By Robin-Leigh Chetty 24 March 2014

A game capable of matching the South Park franchise's insanity
7.0    Gameplay
8.5    Story
8.0    Presentation
7.5    Lasting appeal

The fate of South Park gaming titles has been hit-and-miss over the years, but with the release of The Stick of Truth, developers Obsidian may have been able to get the right mix of strong gameplay and wickedly smart character dialogue to keep players well entertained. The Stick of Truth is essentially a roleplay gaming title with turn-based in-game fighting as well as side scrolling navigation which offers users a variety of elements to explore and get stuck into.

RPG and insanity collide

At first users will be prompted to design their own South Park-styled character, assuming the role of the new kid on the block who has just moved to the fictitious Colorado-based town. For the most part a mute, who Cartman affectionately christens “douchebag”, your character is sent outside to make some friends and immediately become immersed a town-wide Dungeon and Dragons/ Lord of the Rings type war involving all the kids in the neighbourhood.

This war revolves around Cartman, as most South Park tales seem to do, and his role as a self-created all powerful wizard, who controls an army of kids armoured in odds and ends from their parents discarded junk. Cartman’s army has the one sole purpose - protecting The Stick of Truth from the Elven group. At the beginning of the game, the Stick of Truth is stolen by the Elves, it is up to you and bunch of South Park mainstays to claim it back for the beautiful Princess Kenny and restore order to the land.              

The fabled 'stick' of truth... awe-inspiring

Once recruited into Cartman’s army, gamers must choose from four different warrior classes, Mage, Fighter, Thief and Jew… yes Jew. Each class has its own range of attacks and specific weapons for gamers to use. Fighters are given large wooden swords and hammers that cause enemies to poop themselves to death, making them better suited to gamers who enjoy button-smashing. Mages use fireworks and roman candles to deal heavy damage and farts to incapacitate their foe, with the added ability to summon an assault rifle wielding Jesus to attack several enemies. The Thief class utilise smaller melee weapons to inflict multiple strikes during fights as well as a special ‘backstab’ attack. Now for the Jews, who throw stones at enemies and use a dreidel to attack multiple targets.  

Choose your class wisely

Duct-taped glory

These powers are not only restricted to fights, but also have application to the different mini challenges throughout the game. The attacks are uniquely insane as only South Park can provide, but the actual mechanics themselves are not always intuitive as you may wish, with the trigger enabled prompts not responding as desired at critical times. The animations for special attacks also take some time to complete, and after a while make you want to use them less instead opting for quicker attacks that inflict smaller amounts of damage.

Another important element integrated into the game is the ability to upgrade armour and weapons which can either be purchased or found in numerous hidden locations, serving as a bit of incentive for players to explore every inch of the game. Both of these elements can be used in a creative way by gamers with items located in-game being combined to make more complex weapons capable of inflicting greater damage. For example, a Mage can combine a bottle of water and toaster to electrocute enemies in a fight. This makes gamers want to stockpile their inventories with a host of different items and ultimately ensure their advantage during fights.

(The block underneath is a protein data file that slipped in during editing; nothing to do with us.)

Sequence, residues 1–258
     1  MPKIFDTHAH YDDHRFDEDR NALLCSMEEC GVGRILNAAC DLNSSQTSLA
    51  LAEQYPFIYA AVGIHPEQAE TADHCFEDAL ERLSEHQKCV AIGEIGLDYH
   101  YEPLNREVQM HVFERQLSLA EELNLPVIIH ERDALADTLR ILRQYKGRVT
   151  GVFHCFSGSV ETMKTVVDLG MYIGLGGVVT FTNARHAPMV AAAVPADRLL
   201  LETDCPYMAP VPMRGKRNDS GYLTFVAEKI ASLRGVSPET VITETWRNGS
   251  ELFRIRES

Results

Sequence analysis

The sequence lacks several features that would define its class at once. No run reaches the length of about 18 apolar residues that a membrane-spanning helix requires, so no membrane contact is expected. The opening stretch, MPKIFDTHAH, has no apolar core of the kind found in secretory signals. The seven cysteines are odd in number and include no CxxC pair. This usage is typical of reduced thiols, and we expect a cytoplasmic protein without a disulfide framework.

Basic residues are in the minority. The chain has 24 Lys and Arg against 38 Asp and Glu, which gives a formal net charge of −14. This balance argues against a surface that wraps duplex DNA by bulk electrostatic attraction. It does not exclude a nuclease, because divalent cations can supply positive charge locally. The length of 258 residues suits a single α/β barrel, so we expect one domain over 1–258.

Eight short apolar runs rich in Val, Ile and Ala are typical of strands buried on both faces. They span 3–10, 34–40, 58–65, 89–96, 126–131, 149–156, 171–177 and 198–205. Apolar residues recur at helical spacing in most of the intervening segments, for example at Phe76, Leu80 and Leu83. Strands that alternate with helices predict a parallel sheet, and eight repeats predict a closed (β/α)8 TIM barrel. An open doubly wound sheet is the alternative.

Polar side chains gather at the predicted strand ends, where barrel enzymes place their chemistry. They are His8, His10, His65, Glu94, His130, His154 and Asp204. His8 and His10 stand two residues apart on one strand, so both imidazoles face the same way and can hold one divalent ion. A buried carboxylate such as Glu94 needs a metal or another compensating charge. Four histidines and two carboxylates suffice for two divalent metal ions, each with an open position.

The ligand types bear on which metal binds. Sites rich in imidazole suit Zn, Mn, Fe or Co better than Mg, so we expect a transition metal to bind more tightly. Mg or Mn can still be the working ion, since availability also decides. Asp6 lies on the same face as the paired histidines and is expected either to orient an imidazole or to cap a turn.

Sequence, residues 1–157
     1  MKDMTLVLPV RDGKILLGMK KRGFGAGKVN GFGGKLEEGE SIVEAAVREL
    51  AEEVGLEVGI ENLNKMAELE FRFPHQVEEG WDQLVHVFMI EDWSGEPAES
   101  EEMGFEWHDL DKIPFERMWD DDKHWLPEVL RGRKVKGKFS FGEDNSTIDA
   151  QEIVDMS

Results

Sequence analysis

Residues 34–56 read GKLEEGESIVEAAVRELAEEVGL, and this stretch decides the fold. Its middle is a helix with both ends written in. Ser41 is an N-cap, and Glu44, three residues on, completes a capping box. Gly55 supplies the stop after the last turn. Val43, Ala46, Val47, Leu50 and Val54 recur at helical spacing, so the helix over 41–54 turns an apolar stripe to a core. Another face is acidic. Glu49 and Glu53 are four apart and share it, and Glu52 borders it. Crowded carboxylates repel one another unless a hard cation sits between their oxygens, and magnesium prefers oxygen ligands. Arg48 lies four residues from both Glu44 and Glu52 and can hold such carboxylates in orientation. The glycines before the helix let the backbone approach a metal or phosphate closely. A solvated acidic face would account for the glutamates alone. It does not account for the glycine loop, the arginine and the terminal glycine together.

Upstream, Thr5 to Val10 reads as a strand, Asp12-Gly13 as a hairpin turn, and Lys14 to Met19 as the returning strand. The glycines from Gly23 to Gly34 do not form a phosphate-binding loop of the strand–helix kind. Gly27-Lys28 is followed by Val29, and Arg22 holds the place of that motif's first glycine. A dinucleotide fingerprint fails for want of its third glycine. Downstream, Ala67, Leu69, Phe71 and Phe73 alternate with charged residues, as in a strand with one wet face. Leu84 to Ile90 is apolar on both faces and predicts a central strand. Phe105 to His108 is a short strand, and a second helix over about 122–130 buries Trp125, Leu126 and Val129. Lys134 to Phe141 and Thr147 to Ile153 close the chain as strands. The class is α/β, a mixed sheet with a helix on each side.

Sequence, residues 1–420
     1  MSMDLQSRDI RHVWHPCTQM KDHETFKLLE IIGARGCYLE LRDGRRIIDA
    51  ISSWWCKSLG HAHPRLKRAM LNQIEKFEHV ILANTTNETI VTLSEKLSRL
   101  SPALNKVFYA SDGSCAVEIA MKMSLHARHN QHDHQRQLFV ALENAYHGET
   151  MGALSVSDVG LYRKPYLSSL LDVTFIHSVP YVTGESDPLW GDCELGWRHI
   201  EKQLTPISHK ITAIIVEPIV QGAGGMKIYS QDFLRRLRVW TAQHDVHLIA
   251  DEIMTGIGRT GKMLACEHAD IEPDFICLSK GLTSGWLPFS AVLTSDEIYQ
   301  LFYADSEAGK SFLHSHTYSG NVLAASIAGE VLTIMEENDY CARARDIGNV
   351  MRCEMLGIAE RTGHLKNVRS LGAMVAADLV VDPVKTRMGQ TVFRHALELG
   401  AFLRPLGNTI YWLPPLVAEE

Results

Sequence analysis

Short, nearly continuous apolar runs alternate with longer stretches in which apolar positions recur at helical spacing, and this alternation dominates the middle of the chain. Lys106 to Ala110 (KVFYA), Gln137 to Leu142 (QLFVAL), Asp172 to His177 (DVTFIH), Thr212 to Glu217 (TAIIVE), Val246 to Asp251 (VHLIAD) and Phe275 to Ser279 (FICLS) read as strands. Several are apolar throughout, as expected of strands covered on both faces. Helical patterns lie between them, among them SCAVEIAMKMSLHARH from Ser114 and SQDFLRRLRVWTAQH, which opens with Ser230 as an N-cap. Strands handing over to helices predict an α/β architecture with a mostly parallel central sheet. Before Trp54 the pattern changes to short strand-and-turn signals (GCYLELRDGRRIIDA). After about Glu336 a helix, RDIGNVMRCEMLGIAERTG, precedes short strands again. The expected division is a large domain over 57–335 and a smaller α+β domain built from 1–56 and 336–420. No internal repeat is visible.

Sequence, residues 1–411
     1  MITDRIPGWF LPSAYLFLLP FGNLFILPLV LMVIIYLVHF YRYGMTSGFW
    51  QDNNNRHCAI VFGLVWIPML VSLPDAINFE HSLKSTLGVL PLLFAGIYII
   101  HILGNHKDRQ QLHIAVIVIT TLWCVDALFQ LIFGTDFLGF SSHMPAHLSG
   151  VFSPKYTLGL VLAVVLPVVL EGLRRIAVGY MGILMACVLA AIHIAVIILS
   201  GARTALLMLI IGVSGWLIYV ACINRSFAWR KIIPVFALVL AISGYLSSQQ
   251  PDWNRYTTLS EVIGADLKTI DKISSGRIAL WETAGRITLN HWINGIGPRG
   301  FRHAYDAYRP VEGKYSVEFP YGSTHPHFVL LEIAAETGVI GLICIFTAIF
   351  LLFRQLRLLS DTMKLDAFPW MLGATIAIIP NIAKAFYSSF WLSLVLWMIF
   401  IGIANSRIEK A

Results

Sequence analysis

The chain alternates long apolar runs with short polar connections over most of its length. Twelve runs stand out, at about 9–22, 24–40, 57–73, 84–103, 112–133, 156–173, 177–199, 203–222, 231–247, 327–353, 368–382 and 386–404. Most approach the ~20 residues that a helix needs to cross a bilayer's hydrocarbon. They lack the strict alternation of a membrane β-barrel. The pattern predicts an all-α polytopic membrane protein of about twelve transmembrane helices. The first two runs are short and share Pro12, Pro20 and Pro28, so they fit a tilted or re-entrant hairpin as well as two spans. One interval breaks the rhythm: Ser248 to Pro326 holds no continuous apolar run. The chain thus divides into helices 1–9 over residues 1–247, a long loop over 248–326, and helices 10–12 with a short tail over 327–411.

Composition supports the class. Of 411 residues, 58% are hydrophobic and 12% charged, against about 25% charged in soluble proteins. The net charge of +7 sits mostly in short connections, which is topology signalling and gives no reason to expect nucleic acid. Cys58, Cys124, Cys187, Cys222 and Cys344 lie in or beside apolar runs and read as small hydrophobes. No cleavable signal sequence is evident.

Fart-based fighting has never looked so good 

Put the kids to bed

One thing is certain, although The Stick of Truth revolves around the overactive imagination of a group of kids, it is by no means designed for them to play. This is done to the truly mature content and language enlisted by developers, a true staple that made the tv series so wildly addictive. The Stick of Truth is not for the faint of heart. With references throughout to homosexuality, abortion, paedophilia and sodomy (performed by aliens), it more than deserves its R18 rating. So much so that certain aspects of the game had to be omitted for its Australian release, with no such measure luckily taken for South African audiences to the best of our knowledge.

This brings us to main aspect that makes this game so brilliant, its storyline, penned and overseen by the show’s creators Trey Parker and Matt Stone. Translating into an unbridled and undiluted South Park experience with many of the characters that die-hard fans have grown to know and love making memorable appearances. Our personal favourite was former United States vice president Al Gore and his ridiculous obsession with finding the ManBearPig (fans of the show will know what we’re talking about), who you later have to fight in an equally weird costume. Other notable characters include Mr. Slave, Stan Marsh and Mr. Hankey (the Christmas Poo).     

Cartman's cardboard-built base of operations

Final Verdict

The key to The Stick of Truth is its ability to perfectly merge a fantastically absurd storyline, solid gameplay and innovative add-ons without ever compromising the true essence of what makes South Park so brilliant. It allows the South Park universe to shine and supports it with great roleplay features. The Stick of Truth has set a new bar for follow-up titles to live up to and should provide plenty of laughs for fans and newcomers alike. At roughly R700 on PS3, Xbox 360 and R450 for PC, The Stick of Truth has enough crazy humour and anarchy to keep gamers entertained for hours.

Fantastic storyline; Crazy South Park character cameos; Innovatively designed attacks
Button-prompted attacks lack responsiveness; Town of South Park a little difficult to navigate

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